Discussion Top


While blood cooling within the carotid artery seems to be a meaningful and promising approach to achieve a fast SBH, several other endovascular approaches are possible and were investigated in preclinical and clinical studies.

Cold saline infusion

Among all techniques, intracarotid infusion of cold saline has been suggested as a practicable and effective cooling method and was investigated in animal experiments as well as in human studies with AIS patients. In the studies using rat models summarized in [Table 1], local hypothermia produced by cold saline infusion correlated with a reduction of the infarct size, whereas the effect was stronger if the start of cooling was previous to induction of ischemia or to vessel recanalization. Moreover, in the case of pre- or intra-ischemic cooling, a limited duration of hypothermia of <1 h demonstrated a neuroprotective effect.
Table 1: Investigation of selective brain hypothermia in small animal models: Summary of methods and results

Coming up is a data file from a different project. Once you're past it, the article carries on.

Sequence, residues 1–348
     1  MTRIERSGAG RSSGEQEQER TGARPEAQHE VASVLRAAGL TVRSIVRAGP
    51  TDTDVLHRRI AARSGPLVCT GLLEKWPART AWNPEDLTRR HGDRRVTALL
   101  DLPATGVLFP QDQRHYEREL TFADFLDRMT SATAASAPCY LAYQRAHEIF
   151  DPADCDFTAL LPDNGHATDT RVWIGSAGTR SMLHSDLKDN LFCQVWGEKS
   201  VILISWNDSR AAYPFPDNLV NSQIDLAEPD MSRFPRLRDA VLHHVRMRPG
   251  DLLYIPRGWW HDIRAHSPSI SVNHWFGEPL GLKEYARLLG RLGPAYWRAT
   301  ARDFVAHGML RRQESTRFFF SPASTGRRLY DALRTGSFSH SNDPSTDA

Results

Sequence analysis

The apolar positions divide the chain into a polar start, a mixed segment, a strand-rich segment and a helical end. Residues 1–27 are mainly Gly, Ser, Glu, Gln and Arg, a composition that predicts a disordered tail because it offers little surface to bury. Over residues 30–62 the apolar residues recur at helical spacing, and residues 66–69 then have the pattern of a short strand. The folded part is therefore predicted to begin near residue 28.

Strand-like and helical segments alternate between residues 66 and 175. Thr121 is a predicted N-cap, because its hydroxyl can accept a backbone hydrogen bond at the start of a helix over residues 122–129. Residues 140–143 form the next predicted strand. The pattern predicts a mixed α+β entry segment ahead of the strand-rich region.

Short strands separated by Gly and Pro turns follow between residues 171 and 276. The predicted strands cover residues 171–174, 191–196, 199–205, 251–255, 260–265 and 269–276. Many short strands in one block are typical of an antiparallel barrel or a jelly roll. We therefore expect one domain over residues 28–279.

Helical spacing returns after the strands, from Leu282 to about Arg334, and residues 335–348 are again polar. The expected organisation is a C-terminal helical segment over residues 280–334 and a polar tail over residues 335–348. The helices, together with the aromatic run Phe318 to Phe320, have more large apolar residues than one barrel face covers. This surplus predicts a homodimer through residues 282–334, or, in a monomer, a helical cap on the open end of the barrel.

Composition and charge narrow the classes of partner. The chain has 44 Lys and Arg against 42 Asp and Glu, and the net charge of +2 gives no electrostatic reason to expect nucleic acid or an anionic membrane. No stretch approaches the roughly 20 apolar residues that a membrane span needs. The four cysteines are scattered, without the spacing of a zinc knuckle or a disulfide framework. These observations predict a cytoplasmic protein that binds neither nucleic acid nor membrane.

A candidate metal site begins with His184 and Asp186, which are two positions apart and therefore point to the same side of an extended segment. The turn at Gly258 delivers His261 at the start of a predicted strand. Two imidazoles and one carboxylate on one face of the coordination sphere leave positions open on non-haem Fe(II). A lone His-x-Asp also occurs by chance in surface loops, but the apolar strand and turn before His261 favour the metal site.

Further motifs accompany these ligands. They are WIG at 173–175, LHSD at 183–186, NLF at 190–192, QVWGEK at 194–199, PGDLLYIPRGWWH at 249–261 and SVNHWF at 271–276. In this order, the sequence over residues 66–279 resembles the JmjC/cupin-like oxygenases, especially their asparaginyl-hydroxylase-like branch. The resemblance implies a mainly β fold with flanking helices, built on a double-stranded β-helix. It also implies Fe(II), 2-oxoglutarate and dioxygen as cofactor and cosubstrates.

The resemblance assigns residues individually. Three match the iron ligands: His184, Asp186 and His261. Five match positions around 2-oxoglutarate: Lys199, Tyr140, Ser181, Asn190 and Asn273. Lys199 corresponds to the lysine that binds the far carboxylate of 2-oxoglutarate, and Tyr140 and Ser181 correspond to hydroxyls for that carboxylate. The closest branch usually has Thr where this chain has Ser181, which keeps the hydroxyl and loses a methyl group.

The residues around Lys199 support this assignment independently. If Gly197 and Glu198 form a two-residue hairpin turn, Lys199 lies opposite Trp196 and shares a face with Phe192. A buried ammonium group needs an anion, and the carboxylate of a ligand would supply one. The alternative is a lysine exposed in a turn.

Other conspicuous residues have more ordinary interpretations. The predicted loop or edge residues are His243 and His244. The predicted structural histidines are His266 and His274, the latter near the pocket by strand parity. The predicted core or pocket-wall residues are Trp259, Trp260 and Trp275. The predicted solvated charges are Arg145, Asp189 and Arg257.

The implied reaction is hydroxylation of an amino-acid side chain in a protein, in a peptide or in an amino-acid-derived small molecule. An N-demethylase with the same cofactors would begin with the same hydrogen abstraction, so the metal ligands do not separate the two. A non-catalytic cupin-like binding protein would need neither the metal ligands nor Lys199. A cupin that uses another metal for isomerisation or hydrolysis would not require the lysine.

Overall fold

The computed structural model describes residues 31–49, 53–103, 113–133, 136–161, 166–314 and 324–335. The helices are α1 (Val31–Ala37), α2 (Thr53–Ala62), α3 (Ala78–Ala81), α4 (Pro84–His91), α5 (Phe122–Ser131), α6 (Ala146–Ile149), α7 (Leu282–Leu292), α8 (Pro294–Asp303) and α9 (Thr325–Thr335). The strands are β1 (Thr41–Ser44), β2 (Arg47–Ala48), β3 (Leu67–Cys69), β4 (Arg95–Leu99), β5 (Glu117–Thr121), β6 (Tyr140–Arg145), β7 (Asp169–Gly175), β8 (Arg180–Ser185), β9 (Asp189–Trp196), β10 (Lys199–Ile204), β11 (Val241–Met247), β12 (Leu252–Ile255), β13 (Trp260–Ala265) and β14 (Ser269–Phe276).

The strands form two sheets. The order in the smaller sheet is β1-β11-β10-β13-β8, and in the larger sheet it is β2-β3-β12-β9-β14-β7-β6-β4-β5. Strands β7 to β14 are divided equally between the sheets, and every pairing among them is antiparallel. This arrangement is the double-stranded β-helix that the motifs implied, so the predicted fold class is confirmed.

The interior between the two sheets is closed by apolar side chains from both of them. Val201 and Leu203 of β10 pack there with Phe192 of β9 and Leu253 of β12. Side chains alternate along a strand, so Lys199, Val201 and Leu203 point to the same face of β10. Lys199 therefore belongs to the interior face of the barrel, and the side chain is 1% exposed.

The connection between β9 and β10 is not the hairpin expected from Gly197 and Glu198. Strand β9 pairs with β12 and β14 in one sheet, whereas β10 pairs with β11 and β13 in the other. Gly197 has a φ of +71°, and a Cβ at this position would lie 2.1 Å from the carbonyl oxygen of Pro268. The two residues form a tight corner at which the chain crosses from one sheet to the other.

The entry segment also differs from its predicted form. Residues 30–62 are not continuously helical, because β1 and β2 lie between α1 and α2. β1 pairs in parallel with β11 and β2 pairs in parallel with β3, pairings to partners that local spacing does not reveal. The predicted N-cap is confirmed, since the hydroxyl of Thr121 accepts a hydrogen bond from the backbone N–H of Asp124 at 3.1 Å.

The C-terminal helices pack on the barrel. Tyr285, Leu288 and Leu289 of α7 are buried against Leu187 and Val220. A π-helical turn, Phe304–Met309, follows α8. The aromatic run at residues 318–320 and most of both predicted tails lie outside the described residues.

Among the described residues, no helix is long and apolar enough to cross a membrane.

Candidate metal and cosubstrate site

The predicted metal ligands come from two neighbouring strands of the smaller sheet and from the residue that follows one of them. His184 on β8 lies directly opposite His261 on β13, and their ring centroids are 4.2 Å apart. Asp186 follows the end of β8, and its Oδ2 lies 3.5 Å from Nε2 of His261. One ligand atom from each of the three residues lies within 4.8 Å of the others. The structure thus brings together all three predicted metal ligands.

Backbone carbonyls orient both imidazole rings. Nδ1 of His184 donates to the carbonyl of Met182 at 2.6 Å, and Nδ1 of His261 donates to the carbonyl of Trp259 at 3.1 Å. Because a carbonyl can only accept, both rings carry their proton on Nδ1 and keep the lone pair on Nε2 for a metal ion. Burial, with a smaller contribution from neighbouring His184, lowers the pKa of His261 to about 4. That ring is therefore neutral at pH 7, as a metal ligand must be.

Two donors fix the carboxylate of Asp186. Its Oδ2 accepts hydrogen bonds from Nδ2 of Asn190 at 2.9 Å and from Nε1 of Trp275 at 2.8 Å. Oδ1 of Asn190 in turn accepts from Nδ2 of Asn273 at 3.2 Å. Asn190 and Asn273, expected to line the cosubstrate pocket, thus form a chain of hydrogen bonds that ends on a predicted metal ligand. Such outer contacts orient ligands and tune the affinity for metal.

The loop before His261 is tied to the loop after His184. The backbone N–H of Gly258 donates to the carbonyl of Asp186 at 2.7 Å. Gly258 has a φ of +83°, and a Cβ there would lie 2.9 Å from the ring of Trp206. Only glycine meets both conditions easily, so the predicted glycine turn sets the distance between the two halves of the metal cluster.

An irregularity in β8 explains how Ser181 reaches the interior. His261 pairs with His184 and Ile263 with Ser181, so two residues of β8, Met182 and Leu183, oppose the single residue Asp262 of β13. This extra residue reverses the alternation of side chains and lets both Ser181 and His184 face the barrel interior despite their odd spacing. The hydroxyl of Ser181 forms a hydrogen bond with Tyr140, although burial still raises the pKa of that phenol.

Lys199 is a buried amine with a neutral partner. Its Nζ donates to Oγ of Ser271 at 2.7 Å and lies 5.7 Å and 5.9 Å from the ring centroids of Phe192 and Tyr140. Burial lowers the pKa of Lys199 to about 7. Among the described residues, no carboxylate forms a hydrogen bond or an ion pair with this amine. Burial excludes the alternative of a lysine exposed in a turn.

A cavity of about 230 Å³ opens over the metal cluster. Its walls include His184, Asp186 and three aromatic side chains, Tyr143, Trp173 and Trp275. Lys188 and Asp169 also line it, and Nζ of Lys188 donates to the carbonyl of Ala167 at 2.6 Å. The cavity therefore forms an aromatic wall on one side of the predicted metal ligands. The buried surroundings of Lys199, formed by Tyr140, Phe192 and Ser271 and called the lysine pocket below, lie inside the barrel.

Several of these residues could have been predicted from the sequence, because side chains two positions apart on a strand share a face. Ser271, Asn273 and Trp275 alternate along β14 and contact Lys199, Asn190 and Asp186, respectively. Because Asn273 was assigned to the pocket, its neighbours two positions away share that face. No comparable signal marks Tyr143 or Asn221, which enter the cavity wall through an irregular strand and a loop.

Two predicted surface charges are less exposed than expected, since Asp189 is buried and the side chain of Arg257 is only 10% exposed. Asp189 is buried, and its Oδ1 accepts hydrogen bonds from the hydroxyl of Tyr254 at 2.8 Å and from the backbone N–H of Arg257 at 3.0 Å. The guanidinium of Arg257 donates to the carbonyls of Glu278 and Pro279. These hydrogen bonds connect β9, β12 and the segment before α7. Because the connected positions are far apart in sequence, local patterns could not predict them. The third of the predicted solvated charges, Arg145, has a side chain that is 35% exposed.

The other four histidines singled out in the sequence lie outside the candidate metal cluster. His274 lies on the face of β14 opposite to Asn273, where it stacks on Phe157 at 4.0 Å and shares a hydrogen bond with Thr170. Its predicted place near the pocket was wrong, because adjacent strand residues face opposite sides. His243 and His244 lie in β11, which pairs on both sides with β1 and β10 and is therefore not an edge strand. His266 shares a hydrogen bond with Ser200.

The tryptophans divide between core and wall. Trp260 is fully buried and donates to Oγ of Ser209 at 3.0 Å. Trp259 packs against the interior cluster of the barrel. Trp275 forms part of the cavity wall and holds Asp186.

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Clinical application of cold saline infusion in AIS patients was also promising, as it demonstrated safety when cold saline was administered after MT by means of the 2.4-F microcatheter used for the delivery of the thrombectomy system.[8] A recent nonrandomized cohort study with 113 AIS patients with LVO used the same microcatheter-based protocol: 50 ml of 4°C cold 0.9% saline infused into the ischemic territory at 10 ml/min before recanalization plus further reinfusion of cold saline into the ischemic brain directly after MT at a rate of 30 ml/min for 10 min. This study reported a promising small but significant reduction of infarct volumes with trend toward increased functional independence warranting the initiation of a larger RCT trial. However, there are some issues and challenges with this approach. First, coolant flow rate and total coolant amount injected have to be accurately defined in a trade-off between performance (high flow rate reduces the coolant rewarming within the aorta and increases the mixing temperature of blood and coolant at the catheter outlet) and safety issues as hypervolemia and hematocrit reduction. Furthermore, cold infusion through the microcatheter before MT may delay the time-dependent strong effect of vessel recanalization. In this regard, a recently presented novel 7.8-F insulated catheter (Khione, FocalCool, Mullica Hill, New Jersey, USA) that can be inserted into the carotid artery to transport a microcatheter for cold saline infusion appears very appealing. Compared to standard catheters not designed for tissue cooling, this system can provide 2– 3 times greater cooling performance at clinically relevant infusion rates (10–40 ml/min) owing to its approximately 10°C colder delivery temperatures.[4] Thus, the induction of SBH may be faster and requires less fluid to reach target temperature, thereby limiting the risks of hemodilution. In a recently published proof-of-concept study, this catheter system was tested in a canine model of transient MCA occlusion exhibiting excellent tissue cooling rates in the ipsilateral hemisphere (2.2°C/min) with a short duration of infusion (5 min before recanalization plus 20 min postrecanalization) and dramatic reduction of infarct volumes and minimal systemic impact (Caroff et al. JNIS 2019). Further preclinical and clinical research in SBH should be focused on the effect of timing and injected coolant volume on the cardiovascular system and on brain infarct progression. If high flow rates and volumes prove to be safe, lower temperature and longer duration of hypothermia could be achieved and coolant infusion would have a high potential as a relatively simple method to provide SBH in the setting of MT therapy in LVO stroke patients.